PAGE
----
Yesterday I graduated as one of the first LGComms Future Leaders and although I don’t have a piece of paper to prove it, I have learned loads since the start of the programme back in February.
This was a partnership between LGComms and the Local Government Chronicle which brought together comms people with other ambitious professionals from local government across the country for a series of events, from seminars, to full-blown conferences and Apprentice-style live exercises.
It was a quick six months with a pick and mix of sessions to chose from.
The first event specifically for comms people was hosted by Westminster Council and was a full day of quick-fire sessions covering leadership, reputation, customer insight, comms measurement and evaluation and crisis comms. It was pretty full-on but the highlights for me were presentations from Cormac Smith and how he dealt with the coverage surrounding the clearing of Dale Farm, @neilwholey‘s LGinsight presentation and Mark Fletcher-Brown’s talk on leadership in times of change.
The next event I chose to attend was a regional meeting in York of Future Leaders from other areas of local government. The highlight there was a talk by the Chief Executive of York Council, @Kersten1england about leading from the top and the issues that she has had to deal with since taking the post in 2009. I’ve even stolen the format of the film she showed for York’s 800th anniversary for our own Celebrating Lanarkshire project!
I chose not to take the academic part of the course which was two days of leadership at LeedsUniversity. I did fancy it but I’ve already completed a PgCert in Leadership and Management of Public Services at Caledonian University plus it was around about the time of the submission date of my Masters dissertation so I was granted special dispensation. I’m told by other Future Leaders that it was a great two days.
The highlight for me was the peer review day when I got the chance to work with @kimneville, @danslee and @darrencaveney at Walsall Council. This was a great way of observing how another council does their comms and I think they learned as much from me as I did from them (at least they said they did!). Darren and Dan are planning a return trip to South Lanarkshire Council sometime soon and you can read more about my day at Walsall on a previous post.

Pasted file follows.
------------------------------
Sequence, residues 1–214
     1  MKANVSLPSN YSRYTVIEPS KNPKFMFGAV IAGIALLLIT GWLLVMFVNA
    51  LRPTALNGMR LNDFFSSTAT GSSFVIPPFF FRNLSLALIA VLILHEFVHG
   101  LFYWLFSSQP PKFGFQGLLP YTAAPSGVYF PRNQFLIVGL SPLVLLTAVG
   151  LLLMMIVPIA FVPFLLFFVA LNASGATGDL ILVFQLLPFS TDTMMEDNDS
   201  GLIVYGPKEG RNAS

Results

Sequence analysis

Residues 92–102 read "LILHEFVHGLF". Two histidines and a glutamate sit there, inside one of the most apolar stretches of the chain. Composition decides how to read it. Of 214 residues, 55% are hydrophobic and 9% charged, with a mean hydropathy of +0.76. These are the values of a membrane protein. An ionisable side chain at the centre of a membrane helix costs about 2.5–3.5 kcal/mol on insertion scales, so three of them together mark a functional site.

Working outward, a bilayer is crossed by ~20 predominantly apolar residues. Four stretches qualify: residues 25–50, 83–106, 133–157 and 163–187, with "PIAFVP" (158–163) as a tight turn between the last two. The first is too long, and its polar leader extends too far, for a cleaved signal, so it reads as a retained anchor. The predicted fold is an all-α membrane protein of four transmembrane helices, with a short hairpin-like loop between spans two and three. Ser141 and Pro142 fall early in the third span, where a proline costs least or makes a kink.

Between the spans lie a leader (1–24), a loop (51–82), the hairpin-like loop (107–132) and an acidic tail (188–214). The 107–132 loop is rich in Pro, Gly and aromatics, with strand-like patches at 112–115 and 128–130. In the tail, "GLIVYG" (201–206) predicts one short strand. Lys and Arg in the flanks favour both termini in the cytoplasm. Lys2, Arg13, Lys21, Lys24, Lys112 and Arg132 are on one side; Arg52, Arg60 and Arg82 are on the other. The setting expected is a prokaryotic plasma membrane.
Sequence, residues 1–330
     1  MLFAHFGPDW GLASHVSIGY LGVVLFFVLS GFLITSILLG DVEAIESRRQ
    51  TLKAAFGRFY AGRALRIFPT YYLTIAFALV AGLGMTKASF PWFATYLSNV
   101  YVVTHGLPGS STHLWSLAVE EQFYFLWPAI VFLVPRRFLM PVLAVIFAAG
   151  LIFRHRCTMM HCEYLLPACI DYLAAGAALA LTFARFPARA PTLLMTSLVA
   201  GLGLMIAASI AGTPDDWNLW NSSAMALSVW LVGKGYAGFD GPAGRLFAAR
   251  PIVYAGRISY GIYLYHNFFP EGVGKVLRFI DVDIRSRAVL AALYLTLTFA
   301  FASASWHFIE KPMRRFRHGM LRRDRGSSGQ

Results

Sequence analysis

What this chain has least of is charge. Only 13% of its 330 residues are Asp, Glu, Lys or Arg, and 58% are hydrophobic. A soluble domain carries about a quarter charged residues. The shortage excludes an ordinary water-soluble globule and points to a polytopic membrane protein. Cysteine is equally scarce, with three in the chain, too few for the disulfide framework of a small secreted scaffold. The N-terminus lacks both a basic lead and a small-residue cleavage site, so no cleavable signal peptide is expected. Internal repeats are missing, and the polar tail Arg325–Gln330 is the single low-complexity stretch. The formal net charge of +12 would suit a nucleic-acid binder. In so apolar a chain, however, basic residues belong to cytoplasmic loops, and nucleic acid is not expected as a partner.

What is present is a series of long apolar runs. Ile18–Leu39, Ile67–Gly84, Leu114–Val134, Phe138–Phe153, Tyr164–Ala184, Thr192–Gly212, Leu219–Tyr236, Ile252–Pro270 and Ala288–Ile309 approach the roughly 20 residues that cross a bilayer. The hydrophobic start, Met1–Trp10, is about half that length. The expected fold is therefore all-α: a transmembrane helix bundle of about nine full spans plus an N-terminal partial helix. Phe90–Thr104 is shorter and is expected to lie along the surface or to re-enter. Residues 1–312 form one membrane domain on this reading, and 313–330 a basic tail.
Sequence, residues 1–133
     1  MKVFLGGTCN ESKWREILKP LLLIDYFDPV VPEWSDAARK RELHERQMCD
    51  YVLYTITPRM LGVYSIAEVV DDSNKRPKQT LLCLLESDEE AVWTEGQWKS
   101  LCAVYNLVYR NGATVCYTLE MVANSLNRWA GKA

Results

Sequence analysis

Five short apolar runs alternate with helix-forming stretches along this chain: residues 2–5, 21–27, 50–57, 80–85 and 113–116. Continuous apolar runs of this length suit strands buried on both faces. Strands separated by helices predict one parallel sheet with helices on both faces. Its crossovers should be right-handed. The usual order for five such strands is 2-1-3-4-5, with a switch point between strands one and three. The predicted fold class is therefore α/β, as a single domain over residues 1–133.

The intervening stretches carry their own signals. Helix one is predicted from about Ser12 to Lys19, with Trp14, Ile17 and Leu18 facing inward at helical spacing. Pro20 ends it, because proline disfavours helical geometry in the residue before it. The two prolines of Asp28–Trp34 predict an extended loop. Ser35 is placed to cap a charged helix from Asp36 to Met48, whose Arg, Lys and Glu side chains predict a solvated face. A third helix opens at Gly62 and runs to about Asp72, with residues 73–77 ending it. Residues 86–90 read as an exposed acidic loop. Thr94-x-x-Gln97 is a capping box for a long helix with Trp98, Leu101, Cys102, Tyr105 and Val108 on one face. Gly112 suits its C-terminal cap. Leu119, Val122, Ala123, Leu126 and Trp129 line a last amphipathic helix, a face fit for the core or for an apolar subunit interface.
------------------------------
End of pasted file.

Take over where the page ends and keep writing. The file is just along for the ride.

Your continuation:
Next up was the LGComms Academy, a three-day event in Birmingham, crammed full of great speakers. I’ve blogged about the Academy before so I won’t go into the detail again.
Last up for me was yesterday’s final event in Blackpooland oh boy, did we finish with a flourish.
The venue was Blackpooland early yesterday morning we all met up with @SJHalliwell, Head of Comms at Blackpool Council. We were given a brief, split into two teams and had five hours to come up with a campaign and present it to Cormac (that’s Lord Sugar to you and I). It was a tough and complex campaign – reconnecting the residents of Blackpool with the town centre which they perceive to be just for tourists.
Both teams (Team Bobsleigh 1 and Team Bobsleigh 2 – ask Lord Sugar the next time you see him for an explanation) gave it their all and although the other team won we were all winners in the end. We were commended for our creativity and they were commended for their watertight strategy – put them together and Suzanne has a pretty nifty campaign on her hands (the consultancy invoice is in the post if you can get it past iProc, Suzanne!).
Now I just have to work out how to put into practice everything that I’ve learned.
The other highlight of the programme was the mentoring. I was privileged to have @davidhold, the Director of Comms at the LGA as my mentor. On our one-to-ones David has always asked me questions to get me thinking about where I wan to be and now that I’m finished the course I have a pretty clear idea. Unfortunately the post doesn’t exist so I’m just going to keep doing what I’m doing, nudge the right people and hopefully the post will materialise one day.
Till then I now have a network of like-minded leaders of the future to support me and a mentor, who I’m sure will still be there to guide me and get me thinking, long after the next cohort of future leaders starts.
I’d thoroughly recommend this programme to anyone working in local government and especially if you work in comms. Keep an eye out on Twitter and I’ll let you know how to apply for the next intake. You never know, one day I may be a Future Leaders mentor – now that’s something to aim for.